We consider "race" to be a socially constructed, malleable, interpersonally relevant and, thus, a "micro"-level phenomenon; we also recognize that "race" has an historical and otherwise "macro" social resonance and meaning that exists over and above individuals' perception of and claims to it. For these reasons, the theoretical perspectives of this paper adopt views that partake of both historical and social-interactional construal of race. This paper deploys social construction perspectives as developed by Berger and Luckmann (1966) with notions of the historically embedded construction of race derived from post-colonial theory (Fanon, 1967; Said, 1978), and, at the level of lived and lively social experience, we rely on the notion of cultural transmission that is based on the contributions of C. Wright Mills (1963) with respect to what he termed "vocabularies of motive." The first two of these theories account for "race" as socially and historically defined and embedded, as aspects of a cultural endowment that is given and, more clearly for post-colonial theory, imposed, on persons; the last theoretical theme considers how, through what concrete discursive means, the content of racial typifications is "taught" to occupants of those historically and socially constructed racial categories.
Social construction theory (cf. Berger and Luckmann, 1966) maintains that individuals define themselves based on social conceptions of the group to which they claim membership. Social construction theory holds that the basis for "subjective" reality is in fact the social world: the self is created through a dialectical, reflexive relationship between the individuals and their social milieux. Social construction theory thus argues that persons see themselves in the same terms that society views them.
With respect to racial identity and criminal propensities, social constructionists such as Blakey (1999), Holdaway (1997), Rodkin (1993) and Schiele (1998) argue that most social theories about race and crime tend to reify race and ignore the social process that is involved in the creation of racial categories. Such theories do so by treating race as endogenous to the person and assigned as any other biological feature. We, on the other hand, side with constructionists who view "race" not as a static, ascribed quality of persons but as a process achieved and learned through social interaction and as a consequence of the receipt of cultural definitions of race. This construction of race is known as racialization, a process through which meanings and definitions become associated with what become socially defined as different racial categories. It is the way in which race is constructed in everyday life and becomes, in effect, "real" in society and to the individual.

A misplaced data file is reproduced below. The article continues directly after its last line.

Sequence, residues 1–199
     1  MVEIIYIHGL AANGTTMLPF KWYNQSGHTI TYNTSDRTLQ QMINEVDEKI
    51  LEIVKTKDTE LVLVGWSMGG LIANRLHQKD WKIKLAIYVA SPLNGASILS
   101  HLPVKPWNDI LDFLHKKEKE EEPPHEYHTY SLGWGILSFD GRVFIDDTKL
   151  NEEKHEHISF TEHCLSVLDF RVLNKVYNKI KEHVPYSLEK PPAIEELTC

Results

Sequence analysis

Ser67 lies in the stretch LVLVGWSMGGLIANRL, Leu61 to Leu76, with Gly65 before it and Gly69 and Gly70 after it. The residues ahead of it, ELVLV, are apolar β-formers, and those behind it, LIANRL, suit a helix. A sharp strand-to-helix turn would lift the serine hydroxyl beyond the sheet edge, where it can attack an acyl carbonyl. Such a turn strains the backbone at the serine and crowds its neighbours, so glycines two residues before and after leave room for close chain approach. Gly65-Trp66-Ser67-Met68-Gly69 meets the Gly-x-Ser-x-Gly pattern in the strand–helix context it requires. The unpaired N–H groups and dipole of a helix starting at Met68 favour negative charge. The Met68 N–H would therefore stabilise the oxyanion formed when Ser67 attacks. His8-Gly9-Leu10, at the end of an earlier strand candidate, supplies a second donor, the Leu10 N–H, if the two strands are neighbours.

Colonial theory adds to social-construction approaches by accounting for social conceptualizations of race based on historical relations among different racial and ethnic groups. In his seminal Black Skin, White Masks, Fanon (1967) proposes that, in a former colonial society, socially accepted modes of thought are based on the views of the dominant, "colonizing" group. The culture, language and customs of the colonizers come to be normative and to be considered superior to both local indigenous cultures and to those who were part of subsequent non-White diasporas to post-colonial societies. Thus, in North American society, definitions and stereotypes of races, among other topics, are created and organized by persons of Northern and Western European origin. Colonial theorists sec present-day society as evincing the racial relationships and subjugation that characterized colonial times. Negative images associated with minority groups therefore derive from a colonial history, and the self-concepts that minority persons adopt owe to their place vis-a-vis White persons historically.
Although post-colonial theory has been most recently and enthusiastically …
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Publication information: Article title: On the Assimilation of Racial Stereotypes among Black Canadian Young Offenders *. Contributors: Manzo, John F. - Author, Bailey, Monetta M. - Author. Journal title: The Canadian Review of Sociology and Anthropology. Volume: 42. Issue: 3 Publication date: August 2005. Page number: 283+. © 1999 Canadian Sociology and Anthropology Assn. COPYRIGHT 2005 Gale Group.